RICHMOND, Va. – It’s that time of year again when white-tailed deer fawns are showing up in yards and hayfields, and concerned citizens want to know how to help. In almost all cases, the best way to help is to simply give the fawn space and leave it alone.
Concerned people sometimes pick up animals that they think are orphaned. Most such “orphans” that good-intentioned citizens “rescue” every spring should have been left alone. Most wild animals will not abandon their young, but they do leave them alone for long periods of time.
Fawns, born from April through July, are purposely left alone by their mothers. Female deer, called does, stay away from the fawns to avoid leading predators such as dogs or coyotes to their location. The whitespotted coat camouflages a fawn as it lies motionless in vegetation. Young fawns are “hiders” and will not try to run away when they are approached.
Does will return several times each day to move and/or feed their young. You probably will not see the doe at all since she only stays to feed the fawn for just a few minutes before leaving it alone again. If less than 24 hours have passed since a fawn has been “rescued,” the fawn should be taken back and released at the exact same location where it was found.
If a wild animal has been injured or truly orphaned, do not take matters into your own hands. You may locate a licensed wildlife rehabilitator by calling the Virginia Department of Game and Inland Fisheries’ (DGIF) toll-free wildlife conflict helpline at 1-855-571-9003, 8:00AM-4:30PM, Monday through Friday or visit the DGIF website.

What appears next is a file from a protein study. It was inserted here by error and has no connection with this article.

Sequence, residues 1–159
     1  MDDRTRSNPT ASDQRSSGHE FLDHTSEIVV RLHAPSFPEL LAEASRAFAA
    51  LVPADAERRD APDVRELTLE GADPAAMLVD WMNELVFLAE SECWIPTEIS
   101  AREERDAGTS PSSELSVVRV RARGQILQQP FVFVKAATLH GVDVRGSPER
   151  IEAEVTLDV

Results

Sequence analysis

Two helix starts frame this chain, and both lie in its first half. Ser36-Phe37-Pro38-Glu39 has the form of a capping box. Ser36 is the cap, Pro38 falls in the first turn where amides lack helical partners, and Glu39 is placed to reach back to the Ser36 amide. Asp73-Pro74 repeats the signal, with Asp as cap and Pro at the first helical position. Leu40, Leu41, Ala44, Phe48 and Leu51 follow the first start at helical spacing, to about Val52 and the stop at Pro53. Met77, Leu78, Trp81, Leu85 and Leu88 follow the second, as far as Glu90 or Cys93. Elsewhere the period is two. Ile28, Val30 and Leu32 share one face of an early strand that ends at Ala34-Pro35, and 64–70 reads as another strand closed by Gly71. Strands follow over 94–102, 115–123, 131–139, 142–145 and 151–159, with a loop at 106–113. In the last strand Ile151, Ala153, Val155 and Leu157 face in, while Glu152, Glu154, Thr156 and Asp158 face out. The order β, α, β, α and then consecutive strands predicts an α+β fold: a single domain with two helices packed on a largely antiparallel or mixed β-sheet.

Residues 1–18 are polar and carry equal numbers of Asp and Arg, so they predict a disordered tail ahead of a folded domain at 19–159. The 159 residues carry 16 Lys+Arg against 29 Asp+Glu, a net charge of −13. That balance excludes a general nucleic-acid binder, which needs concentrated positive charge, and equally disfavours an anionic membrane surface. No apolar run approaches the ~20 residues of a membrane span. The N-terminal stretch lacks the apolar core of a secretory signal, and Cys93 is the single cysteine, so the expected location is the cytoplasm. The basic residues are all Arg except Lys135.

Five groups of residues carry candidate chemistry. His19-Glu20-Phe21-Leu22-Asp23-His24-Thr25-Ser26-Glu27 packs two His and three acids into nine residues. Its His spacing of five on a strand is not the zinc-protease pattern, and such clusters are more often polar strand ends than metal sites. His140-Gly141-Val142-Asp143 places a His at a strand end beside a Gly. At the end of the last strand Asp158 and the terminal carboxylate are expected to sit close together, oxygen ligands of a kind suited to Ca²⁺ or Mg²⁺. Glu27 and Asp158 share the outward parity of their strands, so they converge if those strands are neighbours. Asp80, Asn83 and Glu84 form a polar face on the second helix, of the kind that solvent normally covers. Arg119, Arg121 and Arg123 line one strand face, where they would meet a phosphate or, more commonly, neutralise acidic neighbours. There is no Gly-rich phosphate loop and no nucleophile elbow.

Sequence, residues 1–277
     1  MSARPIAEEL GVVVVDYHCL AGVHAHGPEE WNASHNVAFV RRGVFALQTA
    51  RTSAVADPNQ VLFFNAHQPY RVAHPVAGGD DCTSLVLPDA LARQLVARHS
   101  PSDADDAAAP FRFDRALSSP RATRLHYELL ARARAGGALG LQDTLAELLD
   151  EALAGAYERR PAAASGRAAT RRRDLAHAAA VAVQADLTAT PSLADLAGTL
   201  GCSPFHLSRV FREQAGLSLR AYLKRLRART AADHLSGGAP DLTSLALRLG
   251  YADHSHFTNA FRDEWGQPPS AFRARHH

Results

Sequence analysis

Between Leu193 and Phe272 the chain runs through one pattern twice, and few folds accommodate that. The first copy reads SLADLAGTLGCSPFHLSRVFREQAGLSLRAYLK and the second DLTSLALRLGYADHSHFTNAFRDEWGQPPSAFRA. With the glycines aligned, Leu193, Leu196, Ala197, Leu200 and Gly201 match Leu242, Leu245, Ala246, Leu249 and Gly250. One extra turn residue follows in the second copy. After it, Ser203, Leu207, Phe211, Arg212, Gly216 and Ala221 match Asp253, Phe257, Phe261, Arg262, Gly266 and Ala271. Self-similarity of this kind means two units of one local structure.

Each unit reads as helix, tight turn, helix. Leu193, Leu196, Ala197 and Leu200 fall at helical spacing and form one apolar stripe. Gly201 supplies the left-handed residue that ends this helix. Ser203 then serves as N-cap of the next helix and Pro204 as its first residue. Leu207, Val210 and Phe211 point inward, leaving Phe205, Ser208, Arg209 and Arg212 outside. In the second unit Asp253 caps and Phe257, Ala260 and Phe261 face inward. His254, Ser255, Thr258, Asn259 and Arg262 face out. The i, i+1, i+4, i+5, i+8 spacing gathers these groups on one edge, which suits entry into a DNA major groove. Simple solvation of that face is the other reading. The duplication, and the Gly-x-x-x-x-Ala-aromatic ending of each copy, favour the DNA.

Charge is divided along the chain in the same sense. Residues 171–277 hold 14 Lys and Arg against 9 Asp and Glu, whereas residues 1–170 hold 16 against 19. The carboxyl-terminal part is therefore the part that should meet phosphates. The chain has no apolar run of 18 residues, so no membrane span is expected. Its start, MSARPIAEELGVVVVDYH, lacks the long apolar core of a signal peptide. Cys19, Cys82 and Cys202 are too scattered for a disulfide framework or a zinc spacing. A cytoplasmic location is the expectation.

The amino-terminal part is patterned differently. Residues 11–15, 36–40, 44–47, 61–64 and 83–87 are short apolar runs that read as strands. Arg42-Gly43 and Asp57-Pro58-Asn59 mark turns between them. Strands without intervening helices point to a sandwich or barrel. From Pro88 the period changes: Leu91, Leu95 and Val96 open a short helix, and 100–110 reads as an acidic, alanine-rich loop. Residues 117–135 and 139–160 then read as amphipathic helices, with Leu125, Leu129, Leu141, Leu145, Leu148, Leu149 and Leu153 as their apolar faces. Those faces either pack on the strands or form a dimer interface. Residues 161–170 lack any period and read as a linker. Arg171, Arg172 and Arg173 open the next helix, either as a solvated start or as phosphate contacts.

Raising a wild animal in captivity is illegal unless you have a DGIF wildlife rehabilitation permit. Each animal’s nutritional, housing, and handling requirements are very specific and must be met if they have any chance of survival. With even the best professional care possible, the survival rate of rehabilitated fawns and many other animals is very low. More than 50% of fawns brought to rehabilitation facilities die before being released due to injuries they come in with and unavoidable physical stress during the rehabilitation process. Of those fawns that are released, a very small percentage survives the first year in the wild.
The best advice for someone who wants to help wildlife is to keep it wild. Once people interfere, we reduce the opportunity for animals to receive natural care and we increase the risk of harming our wildlife heritage.
For more information, please visit the following website about keeping deer wild.